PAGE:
Public funerals

We have a duty to bury or cremate a person who has died where no arrangements have been made under Section 46 (1) of the Public Health Act 1984.

This usually happens when:
  • a person dies without leaving a will and there is no known next of kin
  • the next of kin is unable to either pay for or arrange the burial or cremation.

Before we make any arrangements we will try to look for the next of kin. To do this, we will look through old records held on our database or search the deceased's home.​​​​

What happens at a public funeral

Whether the funeral is a burial or a cremation, we will hold a committal service in our chapel or at the graveside. On those few occasions when there are no mourners, the crematorium staff and funeral directors staff are always present.
The cremated remains of the deceased are usually scattered in the garden of remembrance unless we find other specific instructions in the deceased's possessions or will. Burials take place in a communal grave.

Recovering our costs

When a person dies without leaving a will, their estate is known as 'Bona Vacantia', which is Latin for 'ownerless goods'.

Where possible, we take money from the deceased's estate to pay for the funeral and any administration costs.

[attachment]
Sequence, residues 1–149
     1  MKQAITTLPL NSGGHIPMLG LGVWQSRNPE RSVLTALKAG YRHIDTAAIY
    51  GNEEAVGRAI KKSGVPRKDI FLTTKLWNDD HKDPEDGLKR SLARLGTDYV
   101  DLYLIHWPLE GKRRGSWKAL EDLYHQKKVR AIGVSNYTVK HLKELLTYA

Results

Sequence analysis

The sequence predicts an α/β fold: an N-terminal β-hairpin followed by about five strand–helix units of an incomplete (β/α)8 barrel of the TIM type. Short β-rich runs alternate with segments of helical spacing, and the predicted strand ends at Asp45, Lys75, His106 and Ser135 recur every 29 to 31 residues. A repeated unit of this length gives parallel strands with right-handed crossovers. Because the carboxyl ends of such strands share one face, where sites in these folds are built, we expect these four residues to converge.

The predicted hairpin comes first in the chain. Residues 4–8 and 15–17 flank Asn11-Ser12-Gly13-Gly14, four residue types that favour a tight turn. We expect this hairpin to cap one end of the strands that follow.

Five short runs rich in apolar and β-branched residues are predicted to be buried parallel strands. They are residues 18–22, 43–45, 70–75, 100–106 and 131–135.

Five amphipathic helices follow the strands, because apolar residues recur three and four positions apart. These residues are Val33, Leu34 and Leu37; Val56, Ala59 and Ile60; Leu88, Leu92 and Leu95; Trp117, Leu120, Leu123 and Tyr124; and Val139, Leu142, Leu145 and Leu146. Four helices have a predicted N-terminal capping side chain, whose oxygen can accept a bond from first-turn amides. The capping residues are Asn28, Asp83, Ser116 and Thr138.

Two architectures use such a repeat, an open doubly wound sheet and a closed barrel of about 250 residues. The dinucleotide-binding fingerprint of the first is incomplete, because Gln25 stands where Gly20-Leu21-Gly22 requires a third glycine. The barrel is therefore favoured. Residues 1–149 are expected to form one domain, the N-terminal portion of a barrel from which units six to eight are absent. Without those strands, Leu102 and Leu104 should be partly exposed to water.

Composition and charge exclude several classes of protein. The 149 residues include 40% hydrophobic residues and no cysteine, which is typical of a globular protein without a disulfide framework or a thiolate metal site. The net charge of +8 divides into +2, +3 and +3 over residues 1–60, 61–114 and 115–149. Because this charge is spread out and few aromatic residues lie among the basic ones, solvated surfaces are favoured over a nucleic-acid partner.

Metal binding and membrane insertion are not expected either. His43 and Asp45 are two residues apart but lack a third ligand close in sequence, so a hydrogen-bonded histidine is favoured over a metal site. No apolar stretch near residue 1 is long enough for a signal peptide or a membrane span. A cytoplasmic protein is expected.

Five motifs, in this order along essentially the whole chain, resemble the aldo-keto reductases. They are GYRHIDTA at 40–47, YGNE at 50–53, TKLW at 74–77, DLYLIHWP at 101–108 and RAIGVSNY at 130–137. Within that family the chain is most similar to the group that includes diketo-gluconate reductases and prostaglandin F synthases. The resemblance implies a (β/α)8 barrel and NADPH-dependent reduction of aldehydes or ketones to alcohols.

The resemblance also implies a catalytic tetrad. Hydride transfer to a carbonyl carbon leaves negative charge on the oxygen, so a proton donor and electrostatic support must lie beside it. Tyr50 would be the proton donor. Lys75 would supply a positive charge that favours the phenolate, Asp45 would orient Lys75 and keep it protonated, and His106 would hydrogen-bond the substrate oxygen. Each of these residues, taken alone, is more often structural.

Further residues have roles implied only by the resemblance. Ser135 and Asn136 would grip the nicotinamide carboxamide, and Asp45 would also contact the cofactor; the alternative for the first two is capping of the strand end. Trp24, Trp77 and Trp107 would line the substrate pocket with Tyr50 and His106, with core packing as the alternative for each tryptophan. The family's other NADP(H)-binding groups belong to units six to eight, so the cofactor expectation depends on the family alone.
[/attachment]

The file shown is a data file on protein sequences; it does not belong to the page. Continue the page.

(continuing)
If the deceased leaves an estate above the value of £500 after funeral expenses and all debts are paid, then we will pass it to the Treasury Solicitor. They will manage the estate on behalf of the state and publish details on the Bona Vacantia website.
The website has information on valuing the estate of someone who has died.
Note that we cannot become involved if arrangements have already been made for a funeral to take place.

Money we spend on public funerals

  • 2018/19 we spent £14,020.40 on 14 public funerals (11 men and 3 females)
  • 2017/18 we spent £5,442 on 7 public funerals (7 men) 
  • 2016/17 we spent £6,548.20 on 12 public funerals (3 females and 9 men)
  • 2015/16 we spent £6,047 on 10 public funerals (2 female and 8 male)
  • 2014/15 we spent £5,667 on 8 public funerals
  • 2013/14 we spent £4,235.67 on 7 public funerals
  • 2012/13 we spent £6,392.20 on 12 public funerals
  • 2011/12 we spent £3,048.80 on 7 public funerals.


Death in a hospital

If a person dies in hospital, it is the responsibility of the hospital to arrange and pay for a funeral where either:
  • relatives can't be traced
  • relatives can't afford to pay for the funeral and do not qualify for the Government's Funeral Payment.

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